Gerald is a technology enthusiast and software engineer, aspiring to empower and entertain others through technology. Gerald started his career working on small games and simple electrical circuits and worked his way through degrees in computer engineering and computer science.

Currently, he works full time as a software engineer and develops video games for a small LLC called RGB Schemes he founded in 2016 during his spare time, while also toying in fields such as machine learning, circuit design, and more.



Show Notes


[nectar_dropcap color=””]Y[/nectar_dropcap]ou are listening to the VR AR Pioneers podcast, brought to you by We interviewed top professionals who share their exact formulas for success in development, growth and funding an XR startup, and I’m your host, Juan Felipe Campos. Okay. VR, AR, pioneers. Remember on every episode we give away resources to help you grow your VR AR project. To enter the giveaway, subscribe to the podcast on iTunes and message the word “done” to to prove that you did it again, visit and message the word “done” to prove it and get your free resources.

Juan: 00:45 Hello and welcome to another episode of the podcast. Today. I am with Gerald McAlister and Gerald, what are you working on?

Gerald: 00:51 Oh, so I do virtual reality game development in my spare time I work under a little LLC I put together called RGB Schemes and we are focusing really on making virtual reality experiences that are not only um, immersive but really make full use of the medium and you know, trying to figure out what limitations there are and how we can work those limitations into our games.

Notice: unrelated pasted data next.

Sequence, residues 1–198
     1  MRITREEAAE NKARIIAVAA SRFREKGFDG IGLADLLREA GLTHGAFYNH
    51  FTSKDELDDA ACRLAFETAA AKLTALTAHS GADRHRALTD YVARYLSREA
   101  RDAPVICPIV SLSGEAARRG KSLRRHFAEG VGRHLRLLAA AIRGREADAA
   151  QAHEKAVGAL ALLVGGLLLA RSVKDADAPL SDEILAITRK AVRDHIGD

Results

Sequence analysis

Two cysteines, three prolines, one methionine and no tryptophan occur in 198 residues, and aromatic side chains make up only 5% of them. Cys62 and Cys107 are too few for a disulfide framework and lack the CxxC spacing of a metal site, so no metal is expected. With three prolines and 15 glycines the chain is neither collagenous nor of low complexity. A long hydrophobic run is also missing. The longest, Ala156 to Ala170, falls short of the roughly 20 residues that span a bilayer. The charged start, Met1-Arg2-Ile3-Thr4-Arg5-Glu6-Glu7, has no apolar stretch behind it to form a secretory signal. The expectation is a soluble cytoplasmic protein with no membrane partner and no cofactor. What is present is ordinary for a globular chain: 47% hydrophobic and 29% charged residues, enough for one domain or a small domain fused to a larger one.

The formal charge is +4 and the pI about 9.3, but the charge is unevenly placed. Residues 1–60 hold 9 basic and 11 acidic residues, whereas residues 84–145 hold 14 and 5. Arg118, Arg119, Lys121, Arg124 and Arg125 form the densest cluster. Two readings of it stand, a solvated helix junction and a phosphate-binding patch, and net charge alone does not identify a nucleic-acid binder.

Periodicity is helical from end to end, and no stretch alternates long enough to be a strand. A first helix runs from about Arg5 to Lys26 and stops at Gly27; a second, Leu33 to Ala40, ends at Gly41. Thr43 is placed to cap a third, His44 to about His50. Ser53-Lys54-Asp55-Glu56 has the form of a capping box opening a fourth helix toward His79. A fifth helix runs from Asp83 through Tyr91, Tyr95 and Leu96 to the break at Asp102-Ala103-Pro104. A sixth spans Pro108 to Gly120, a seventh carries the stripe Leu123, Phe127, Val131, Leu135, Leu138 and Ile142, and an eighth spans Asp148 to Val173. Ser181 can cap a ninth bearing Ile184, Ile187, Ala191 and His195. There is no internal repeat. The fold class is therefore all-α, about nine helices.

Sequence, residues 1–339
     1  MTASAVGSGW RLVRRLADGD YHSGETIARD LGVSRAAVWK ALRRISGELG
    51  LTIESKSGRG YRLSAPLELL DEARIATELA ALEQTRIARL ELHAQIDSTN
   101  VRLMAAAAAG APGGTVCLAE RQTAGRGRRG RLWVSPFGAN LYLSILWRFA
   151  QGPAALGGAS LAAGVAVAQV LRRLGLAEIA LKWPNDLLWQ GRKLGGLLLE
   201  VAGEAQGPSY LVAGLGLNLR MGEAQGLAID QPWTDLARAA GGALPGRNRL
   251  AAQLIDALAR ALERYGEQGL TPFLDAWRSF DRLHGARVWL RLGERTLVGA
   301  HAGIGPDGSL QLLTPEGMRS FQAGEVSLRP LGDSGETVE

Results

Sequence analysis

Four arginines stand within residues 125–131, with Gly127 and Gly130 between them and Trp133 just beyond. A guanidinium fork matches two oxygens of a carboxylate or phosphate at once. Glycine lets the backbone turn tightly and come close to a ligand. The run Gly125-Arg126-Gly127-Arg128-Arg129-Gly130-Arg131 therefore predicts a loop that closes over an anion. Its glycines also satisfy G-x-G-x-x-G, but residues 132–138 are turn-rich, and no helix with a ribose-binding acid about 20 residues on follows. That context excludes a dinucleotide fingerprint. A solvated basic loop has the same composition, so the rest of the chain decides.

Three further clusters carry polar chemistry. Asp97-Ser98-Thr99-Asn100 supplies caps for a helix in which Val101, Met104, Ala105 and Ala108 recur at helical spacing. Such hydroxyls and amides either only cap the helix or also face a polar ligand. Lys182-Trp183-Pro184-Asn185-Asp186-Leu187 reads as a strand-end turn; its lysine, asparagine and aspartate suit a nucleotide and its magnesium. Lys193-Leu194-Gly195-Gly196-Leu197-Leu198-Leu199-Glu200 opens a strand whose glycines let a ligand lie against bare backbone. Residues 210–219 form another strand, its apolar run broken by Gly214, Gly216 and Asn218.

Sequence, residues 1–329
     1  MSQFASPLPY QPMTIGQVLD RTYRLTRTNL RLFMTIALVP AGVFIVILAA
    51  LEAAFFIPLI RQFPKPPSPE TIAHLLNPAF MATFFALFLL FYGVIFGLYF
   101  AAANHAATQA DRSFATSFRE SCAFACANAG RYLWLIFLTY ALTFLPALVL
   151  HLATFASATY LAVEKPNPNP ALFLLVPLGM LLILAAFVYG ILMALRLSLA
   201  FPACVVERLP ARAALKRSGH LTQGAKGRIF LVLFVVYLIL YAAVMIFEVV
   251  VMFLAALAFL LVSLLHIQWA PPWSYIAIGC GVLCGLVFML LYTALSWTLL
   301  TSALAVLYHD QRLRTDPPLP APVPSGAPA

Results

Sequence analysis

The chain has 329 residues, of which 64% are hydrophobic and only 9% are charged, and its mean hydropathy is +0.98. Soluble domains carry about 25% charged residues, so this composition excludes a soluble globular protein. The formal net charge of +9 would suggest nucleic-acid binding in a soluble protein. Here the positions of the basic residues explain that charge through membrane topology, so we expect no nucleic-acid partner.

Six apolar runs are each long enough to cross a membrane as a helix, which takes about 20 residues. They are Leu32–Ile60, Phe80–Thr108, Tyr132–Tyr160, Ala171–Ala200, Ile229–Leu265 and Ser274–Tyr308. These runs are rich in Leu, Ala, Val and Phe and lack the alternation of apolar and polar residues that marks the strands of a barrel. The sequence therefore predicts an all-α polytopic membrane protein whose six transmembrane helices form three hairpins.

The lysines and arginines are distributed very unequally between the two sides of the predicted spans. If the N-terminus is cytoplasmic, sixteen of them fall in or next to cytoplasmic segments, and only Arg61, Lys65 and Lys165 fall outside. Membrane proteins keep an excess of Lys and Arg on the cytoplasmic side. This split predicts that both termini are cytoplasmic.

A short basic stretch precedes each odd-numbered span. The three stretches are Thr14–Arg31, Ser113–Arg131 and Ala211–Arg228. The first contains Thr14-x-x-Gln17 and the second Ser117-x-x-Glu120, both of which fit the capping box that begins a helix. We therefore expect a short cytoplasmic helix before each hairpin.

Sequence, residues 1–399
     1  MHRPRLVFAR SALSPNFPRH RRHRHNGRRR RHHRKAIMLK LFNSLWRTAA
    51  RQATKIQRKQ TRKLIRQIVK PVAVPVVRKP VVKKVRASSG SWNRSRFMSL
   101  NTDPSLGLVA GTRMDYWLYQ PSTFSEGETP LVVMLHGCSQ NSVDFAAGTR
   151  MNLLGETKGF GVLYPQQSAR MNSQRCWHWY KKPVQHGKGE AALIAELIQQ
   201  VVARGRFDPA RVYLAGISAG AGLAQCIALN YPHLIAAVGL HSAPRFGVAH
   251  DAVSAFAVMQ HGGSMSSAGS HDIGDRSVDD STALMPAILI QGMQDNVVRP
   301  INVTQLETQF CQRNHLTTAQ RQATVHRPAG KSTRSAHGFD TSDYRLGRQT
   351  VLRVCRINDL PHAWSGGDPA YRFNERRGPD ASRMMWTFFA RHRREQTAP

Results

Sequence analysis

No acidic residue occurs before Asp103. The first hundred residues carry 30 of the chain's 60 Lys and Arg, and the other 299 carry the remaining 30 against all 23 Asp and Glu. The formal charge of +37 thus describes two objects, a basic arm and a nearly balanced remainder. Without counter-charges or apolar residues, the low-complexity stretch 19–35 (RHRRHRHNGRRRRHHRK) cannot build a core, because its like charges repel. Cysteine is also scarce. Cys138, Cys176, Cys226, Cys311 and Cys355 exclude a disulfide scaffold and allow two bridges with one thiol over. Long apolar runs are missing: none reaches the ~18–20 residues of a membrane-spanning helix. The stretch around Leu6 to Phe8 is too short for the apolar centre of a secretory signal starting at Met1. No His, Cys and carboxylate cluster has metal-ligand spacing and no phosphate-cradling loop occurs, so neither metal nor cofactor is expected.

Juan: 01:14 That’s so perfect for the podcast because you’re actually in the, in every sense of the word, actually pioneering the technology that’s available for us and trying to push that into the future instead of playing in this comfort zone of what was possible two or three years ago. You’re actually keep pushing that frontier. Right?

Gerald: 01:29 Exactly. Exactly. And so we, we kind of look at the technology now and I think everybody sees this, there are limitations with virtual reality, you know, mobile headsets have three degrees of freedom and that can be a very limiting factor when you’re trying to tell a story. And so we focus on how do you make that a part of the story, how do you make it so that it’s no longer a limitation but an actual strength to the game itself.

Juan: 01:49 Right. Oh, that’s such a great way to see it. So give us a little bit of context about your background. So before we dive into what you’re working on.

Gerald: 01:55 Yeah, definitely. So, uh, I grew up doing game development in my, when I was in high school and stuff, I actually started out kind of just hacking together games for different systems and stuff and I’m all self taught on that end. I went to school for it and then I graduated, got a job, I did some stuff with like indoor warehouse GPS stuff and then I went on to move to another tech company doing stuff there. And then in my spare time I kind of started saying, hey, you know, I’ve been doing this game development for free now I want to kind of learn how do you make games and sell them, how do you make it so that it’s worth somebody’s time to buy these games and work around limitations with like console hardware, VR hardware and other things.